@burnspbesq: I am almost certain that they will. They appealed a decision in Pennsylvania that used similar logic.
I agree with you Richard on the Pennsylvania decision, I thought the way the judge determined the market definition made no sense for most patients, and I think it stands a good chance of being overturned by the Third Circuit (which covers Pennsylvania and is notoriously friendly to antitrust plaintiffs). The Chicago case I think is a closer call — from what I’ve read of the briefs, the FTC really did gerrymander the market definition pretty badly (excluding hospitals which were clearly options for patients from the market), and the district court may have had a point in rejecting it (though I haven’t seen the decision yet because its still sealed). We’ll see…
Still, I’m just not so sure it is or should be necessary for the FTC to argue that these are such narrow markets in the first place (they narrow the definition so that they can claim that the merged parties will have a huge overall share of the market). Especially in Clayton Act Section 7 case, the standard for finding a merger is unlawful is just “substantial lessening of competition.” That’s a lot less to prove compared to a monopolization case, where you have to prove monopoly power (which lawyers define as more than “market power” — despite there being no real distinction…), as well as exclusionary conduct etc. I think it should be enough in a Clayton Act case to show that the merging parties have a 50% plus share, especially if you have evidence that similar past mergers in that sector lead to price increases (which in hospital cases, the FTC has good studies showing price increases).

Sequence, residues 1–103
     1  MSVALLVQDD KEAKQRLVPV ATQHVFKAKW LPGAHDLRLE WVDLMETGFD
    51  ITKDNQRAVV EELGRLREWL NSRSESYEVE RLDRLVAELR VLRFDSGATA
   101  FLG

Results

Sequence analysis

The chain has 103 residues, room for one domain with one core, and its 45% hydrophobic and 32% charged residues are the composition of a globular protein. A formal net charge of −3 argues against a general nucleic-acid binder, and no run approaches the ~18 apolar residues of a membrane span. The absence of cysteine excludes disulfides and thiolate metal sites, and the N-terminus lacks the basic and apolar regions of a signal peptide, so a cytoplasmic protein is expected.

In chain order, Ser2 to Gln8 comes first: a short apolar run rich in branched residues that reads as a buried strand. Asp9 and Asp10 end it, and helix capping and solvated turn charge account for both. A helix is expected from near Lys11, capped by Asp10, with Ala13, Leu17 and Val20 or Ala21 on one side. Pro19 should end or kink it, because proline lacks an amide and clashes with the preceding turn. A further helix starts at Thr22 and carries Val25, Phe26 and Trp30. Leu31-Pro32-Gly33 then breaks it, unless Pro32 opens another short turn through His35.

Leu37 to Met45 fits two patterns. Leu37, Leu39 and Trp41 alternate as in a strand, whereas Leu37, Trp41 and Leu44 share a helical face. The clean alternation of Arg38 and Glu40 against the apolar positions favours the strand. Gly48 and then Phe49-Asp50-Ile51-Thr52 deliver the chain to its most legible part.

I would also note that this is the second time FTC has done these narrow market definitions — they also caught a lot of flack for gerrymandering the market definitions in the Staples – Office Depot case this spring, and observers thought they did so poorly at trial that the defense rested without calling a single witness (a stunning move many of us lawyers thought insane). The judge ultimately sided with the FTC anyway ( whoops on not calling a witness!), but the FTC probably did more to hurt its case with the narrow definition than if it had gone in with at least alternative definitions to preserve their own credibility.
Anyway, I don’t think there is any danger that this the end of aggressive FTC challenges to hospital mergers. Antitrust courts generally will not recognize “we need more bargaining power against big insurers” as a legitimate efficiency justification, so these hospital systems will need to have some explanation about why a merger will drive down costs and they won’t have market power to keep that returns for themselves. I think there probably are plenty of situations where hospitals can become more efficient via merger (e.g. small rural hospitals who need economies of scale), but I’m not worried that the FTC will be chastened here by two bad decisions. They still have a winning record over the past 10 years.
@Lounger: Judges don’t like changing settled law, and we’ve had enough right-wing jurisprudence in the past two decades that a moderate judge is not likely to reverse precedent.
Back in July of last year, I wrote:
There never was much chance I was wrong about that, but I sure wish I had been.
Mr. Mayhew, this is your industry, your bread and butter. I get that you don’t make corporate policy. So, since you seem to oppose this, what will you be doing about it?
To which, I would like to add, that the same line of reasoning applies to the hospitals, as well as insurance companies, which are exempt from anti-trust law. The combination of oligopoly in health insurance and provision of care seems likely to continue make the US health care system the most expensive in the world for at least another generation, unless there is enormous pressure for reform brought to bear on Congress.